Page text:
Suppose for a moment that Jesus really is interested in every aspect of your life.
So begins an excellent little book of Bible studies by Antony Billington and Mark Greene, entitled ‘The Whole of Life for Christ’.
And so begins this short series of blog posts inspired by those studies.
Suppose for a moment that Jesus really is interested in every aspect of your academic life. Not just the number of REF-able publications. Not just the conversations you have with your colleagues about Christianity. But everything: the admin, the marking, the struggling undergraduates, the interactions with colleagues, the caterers, the cleaners, the emeritus readers, the figures and footnotes, the grant applications, the university budget, the Students’ Union – even the REF!
Antony Billington and Mark Greene are based at the London Institute for Contemporary Christianity (LICC), as the Head of Theology and the Executive Director, respectively. They are well known as enthusiastic believers in whole-life discipleship. The book was published last year (2015) by Keswick Resources and IVP (bulk discounts via LICC), and the studies formed the theme for one week of Keswick 2015 (which we reported on last summer).
The plan for this series of posts is to take each topic in turn, and consider what it means for Christian postgraduates and academics. Here’s a sneak preview of where we might be heading…
- Whole-life gospel (Colossians 1:15-23). Christ’s work of creation and reconciliation touches every academic discipline.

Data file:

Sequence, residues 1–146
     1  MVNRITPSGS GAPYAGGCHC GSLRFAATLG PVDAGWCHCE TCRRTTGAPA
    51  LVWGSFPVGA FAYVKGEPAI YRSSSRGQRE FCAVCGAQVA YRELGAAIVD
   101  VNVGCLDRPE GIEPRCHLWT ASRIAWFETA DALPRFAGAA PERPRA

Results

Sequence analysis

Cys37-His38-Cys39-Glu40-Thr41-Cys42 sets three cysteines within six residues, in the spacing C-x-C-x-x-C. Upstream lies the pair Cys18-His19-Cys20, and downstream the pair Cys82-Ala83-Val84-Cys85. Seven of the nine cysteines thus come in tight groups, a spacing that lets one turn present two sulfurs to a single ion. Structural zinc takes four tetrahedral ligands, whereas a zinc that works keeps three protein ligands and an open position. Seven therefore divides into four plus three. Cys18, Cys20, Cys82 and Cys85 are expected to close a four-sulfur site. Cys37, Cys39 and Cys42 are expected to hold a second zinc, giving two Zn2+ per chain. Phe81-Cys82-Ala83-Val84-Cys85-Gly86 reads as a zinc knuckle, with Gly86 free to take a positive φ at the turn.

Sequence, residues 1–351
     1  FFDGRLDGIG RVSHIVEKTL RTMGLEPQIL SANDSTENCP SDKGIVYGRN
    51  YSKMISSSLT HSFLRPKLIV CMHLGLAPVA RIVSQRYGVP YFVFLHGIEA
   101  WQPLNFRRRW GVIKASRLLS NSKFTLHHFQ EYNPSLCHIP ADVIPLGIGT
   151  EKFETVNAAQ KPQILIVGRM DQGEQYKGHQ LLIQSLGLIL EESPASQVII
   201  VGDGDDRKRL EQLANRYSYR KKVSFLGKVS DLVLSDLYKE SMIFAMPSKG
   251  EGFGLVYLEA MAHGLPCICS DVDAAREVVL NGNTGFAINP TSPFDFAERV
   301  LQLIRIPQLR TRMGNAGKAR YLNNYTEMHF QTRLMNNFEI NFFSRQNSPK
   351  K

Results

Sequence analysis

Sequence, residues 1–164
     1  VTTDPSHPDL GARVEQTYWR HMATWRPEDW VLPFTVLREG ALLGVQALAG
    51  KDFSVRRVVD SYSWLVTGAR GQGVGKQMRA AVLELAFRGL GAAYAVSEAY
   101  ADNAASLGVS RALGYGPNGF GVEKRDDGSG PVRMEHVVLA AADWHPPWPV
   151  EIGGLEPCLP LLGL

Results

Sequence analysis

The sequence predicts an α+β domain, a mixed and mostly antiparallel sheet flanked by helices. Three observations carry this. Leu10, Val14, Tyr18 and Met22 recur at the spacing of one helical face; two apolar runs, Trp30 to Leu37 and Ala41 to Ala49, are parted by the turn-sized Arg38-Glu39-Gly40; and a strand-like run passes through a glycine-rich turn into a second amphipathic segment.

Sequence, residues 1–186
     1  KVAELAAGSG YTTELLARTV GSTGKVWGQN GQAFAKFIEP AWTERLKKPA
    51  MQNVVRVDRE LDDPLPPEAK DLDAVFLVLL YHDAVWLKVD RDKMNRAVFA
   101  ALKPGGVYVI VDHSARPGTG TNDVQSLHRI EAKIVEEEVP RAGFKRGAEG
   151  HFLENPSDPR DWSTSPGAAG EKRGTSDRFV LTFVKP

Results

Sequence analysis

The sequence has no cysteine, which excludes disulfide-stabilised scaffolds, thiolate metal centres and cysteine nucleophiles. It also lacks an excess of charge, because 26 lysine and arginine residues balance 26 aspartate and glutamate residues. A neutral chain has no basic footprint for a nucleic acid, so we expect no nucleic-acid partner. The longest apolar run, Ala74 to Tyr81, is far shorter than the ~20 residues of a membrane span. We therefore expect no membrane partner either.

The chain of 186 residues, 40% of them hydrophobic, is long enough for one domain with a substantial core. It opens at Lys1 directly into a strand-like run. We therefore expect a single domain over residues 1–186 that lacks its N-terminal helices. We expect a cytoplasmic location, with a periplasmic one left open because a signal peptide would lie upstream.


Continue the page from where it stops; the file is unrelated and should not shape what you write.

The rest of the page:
- Whole-life wisdom (Proverbs 31:10-31). A great deal of godly wisdom is needed in order to be a faithful Christian postgraduate.
- Whole-life purpose (Jeremiah 29:1-14). Christian postgraduates can feel that the university is a bit like Babylon. But we have been placed there to ‘seek [its] peace and prosperity’ – its shalom.
- Whole-life fruitfulness (Galatians 5:13-26). Bearing the fruit of the Spirit makes a big difference to academic life.
- Whole-life mission (Matthew 28:16-20). The great commission is about making disciples who submit to Jesus’ authority in every area of life – including academic life.
- Whole-life hope (2 Peter 3:3-14). Our hope for the future of the whole creation transforms the way we live in the present – including our academic lives.
- Whole-life worship (Psalm 18). Academic research gives us lots of things to praise and thank God for – if we have eyes to see them!
Three of us fellows are involved with the Postgraduate Christian Forum (PGCF) in Liverpool, and we’ve been using these studies recently. We haven’t needed to change them significantly to make them ideally suited to an academic context. Why not get hold of a copy and try the same thing where you are?